How is the Act being reviewed?
The Department of Primary Industries, Parks, Water and Environment is managing the review process. The review is considering the design and operation of the Act and involves:
- Extensive engagement with Tasmania's Aboriginal people, non-Aboriginal stakeholders and the broader Tasmanian community;
- Review of the approaches to, and operation of, Aboriginal heritage management legislation in other Australian jurisdictions;
- Preparation and publication of a Consultation Feedback Report, which summarised the feedback received through the public consultation;
- Preparation of a Review Report outlining the issues identified with the Act; and
- Presentation by the Minister of a report to Parliament (the Tabling Report) on the outcome of the review, including the Government’s response.
NOTE: the timeline has been disrupted by the COVID-19 pandemic, but the Department has sought to ensure that the final output will be delivered as close as possible to the original deadline (February 2021).
- Public consultation – 1 July to 21 September 2019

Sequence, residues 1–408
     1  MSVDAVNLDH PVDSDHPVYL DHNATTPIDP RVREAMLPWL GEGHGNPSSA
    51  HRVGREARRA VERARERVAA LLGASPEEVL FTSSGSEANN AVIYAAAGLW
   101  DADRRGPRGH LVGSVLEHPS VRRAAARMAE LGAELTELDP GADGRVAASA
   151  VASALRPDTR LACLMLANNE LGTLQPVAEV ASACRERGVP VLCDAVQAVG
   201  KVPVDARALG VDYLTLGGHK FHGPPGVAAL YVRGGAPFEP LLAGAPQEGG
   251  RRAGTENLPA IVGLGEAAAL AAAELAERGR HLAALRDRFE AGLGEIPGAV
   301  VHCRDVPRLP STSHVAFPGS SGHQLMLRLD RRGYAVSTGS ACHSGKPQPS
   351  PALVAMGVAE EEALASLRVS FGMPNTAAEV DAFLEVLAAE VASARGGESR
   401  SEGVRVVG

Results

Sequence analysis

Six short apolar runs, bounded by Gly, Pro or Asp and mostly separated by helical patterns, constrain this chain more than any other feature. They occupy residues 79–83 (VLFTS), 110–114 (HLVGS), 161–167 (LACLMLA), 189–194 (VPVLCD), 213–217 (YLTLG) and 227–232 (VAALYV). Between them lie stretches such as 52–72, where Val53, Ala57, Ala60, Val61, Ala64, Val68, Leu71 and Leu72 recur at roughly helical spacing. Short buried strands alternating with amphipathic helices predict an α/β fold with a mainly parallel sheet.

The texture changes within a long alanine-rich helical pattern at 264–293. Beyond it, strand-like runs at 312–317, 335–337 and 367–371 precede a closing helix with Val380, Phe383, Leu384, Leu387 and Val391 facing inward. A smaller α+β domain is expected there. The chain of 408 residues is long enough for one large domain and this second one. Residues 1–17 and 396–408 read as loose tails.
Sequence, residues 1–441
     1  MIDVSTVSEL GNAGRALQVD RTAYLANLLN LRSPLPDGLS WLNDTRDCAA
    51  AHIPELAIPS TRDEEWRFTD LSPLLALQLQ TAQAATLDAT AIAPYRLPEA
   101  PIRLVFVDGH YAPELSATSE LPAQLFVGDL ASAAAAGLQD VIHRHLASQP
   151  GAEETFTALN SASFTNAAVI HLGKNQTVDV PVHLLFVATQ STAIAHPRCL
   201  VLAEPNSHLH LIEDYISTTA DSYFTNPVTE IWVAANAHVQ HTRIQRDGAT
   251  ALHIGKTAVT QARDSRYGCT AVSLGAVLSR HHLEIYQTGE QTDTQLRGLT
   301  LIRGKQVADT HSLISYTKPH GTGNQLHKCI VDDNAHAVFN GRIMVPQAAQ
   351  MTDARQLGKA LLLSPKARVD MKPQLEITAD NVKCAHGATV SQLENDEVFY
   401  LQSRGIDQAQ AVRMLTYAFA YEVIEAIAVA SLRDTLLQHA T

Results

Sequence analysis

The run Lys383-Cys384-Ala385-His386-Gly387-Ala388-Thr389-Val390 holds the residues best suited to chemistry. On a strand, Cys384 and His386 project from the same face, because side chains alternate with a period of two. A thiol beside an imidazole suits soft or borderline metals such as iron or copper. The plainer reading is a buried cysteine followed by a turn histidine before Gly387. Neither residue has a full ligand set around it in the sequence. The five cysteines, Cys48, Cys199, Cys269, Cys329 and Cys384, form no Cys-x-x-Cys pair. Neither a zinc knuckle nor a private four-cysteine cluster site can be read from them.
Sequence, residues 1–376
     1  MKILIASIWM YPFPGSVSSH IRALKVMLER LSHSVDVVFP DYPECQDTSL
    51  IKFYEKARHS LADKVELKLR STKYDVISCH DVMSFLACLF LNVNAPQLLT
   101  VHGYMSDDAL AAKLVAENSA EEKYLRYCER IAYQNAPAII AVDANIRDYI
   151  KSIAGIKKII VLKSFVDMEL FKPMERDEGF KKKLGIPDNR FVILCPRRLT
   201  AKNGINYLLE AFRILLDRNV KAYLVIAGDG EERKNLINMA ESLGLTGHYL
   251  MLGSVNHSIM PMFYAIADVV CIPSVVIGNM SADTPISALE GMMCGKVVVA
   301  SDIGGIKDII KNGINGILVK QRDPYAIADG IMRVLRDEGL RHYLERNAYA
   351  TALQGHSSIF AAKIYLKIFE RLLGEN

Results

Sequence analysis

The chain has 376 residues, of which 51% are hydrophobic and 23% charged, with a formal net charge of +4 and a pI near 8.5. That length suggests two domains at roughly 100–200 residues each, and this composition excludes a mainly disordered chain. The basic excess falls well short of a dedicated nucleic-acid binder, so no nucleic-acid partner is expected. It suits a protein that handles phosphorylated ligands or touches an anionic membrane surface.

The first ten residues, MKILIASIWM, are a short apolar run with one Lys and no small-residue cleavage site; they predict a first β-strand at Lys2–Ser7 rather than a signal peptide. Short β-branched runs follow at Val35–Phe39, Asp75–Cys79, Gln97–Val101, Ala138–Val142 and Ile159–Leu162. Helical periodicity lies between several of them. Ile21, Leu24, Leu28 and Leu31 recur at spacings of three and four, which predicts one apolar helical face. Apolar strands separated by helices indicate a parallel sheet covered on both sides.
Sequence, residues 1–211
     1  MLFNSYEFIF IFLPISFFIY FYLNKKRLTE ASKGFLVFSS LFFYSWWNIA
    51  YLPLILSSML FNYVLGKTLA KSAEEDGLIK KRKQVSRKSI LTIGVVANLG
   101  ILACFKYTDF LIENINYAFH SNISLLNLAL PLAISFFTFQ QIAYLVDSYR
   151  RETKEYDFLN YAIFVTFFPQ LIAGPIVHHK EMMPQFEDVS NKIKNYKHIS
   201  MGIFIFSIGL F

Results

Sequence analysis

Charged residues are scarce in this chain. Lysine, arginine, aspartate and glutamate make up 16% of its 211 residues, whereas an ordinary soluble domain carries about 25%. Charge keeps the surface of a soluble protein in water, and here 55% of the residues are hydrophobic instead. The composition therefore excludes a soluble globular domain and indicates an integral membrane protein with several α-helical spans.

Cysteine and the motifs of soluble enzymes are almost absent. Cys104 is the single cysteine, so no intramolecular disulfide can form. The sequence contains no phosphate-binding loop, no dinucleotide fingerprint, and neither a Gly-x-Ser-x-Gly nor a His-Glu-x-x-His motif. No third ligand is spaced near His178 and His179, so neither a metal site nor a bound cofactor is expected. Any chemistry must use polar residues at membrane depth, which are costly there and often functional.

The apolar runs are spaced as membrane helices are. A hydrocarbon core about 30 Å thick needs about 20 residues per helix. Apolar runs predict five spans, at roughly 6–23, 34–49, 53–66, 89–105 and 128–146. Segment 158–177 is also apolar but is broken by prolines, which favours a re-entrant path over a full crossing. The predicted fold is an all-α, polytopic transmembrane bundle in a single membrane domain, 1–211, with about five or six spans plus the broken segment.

- Release Consultation Feedback Report – December 2019
- Targeted consultation – final quarter of 2020
- Review Report delivered to the Minister – February 2021
- Tabling Report on outcome of review presented in Parliament – by April 2021
Public consultation documents
Consultation Feedback Report -
Aboriginal Heritage Act 1975, has been released as part of the Act's review. The report follows a 16-week public consultation period which ended 21 September 2019.
The discussion paper below was provided to inform feedback for the public consultation process:
What changes were made to the Act in 2017?
The Act was updated in 2017 to address some of its key inadequacies. While the amendments were not large in number, they addressed some of the most outdated and problematic elements of the Act and were seen as a positive step forward.
Six key changes were made:
The name to the Aboriginal Relics Act 1975 was changed to the Aboriginal Heritage Act 1975;
The racist 1876 cut-off date for what is considered Aboriginal heritage was removed, and the definitions were significantly updated;
The penalties for damage to Aboriginal heritage were sharply increased to be both in line with penalties related to non-Aboriginal heritage in Tasmania, and on par with the highest penalties in other States;
Scaled offences were introduced, including distinguishing between deliberate acts and 'reckless or negligent' acts. The ignorance defence was removed and the time available to commence prosecutions was increased from six months to two years;
A statutory Aboriginal Heritage Council was established to advise the Minister; and
A statutory timeline was set for a full review of the Act.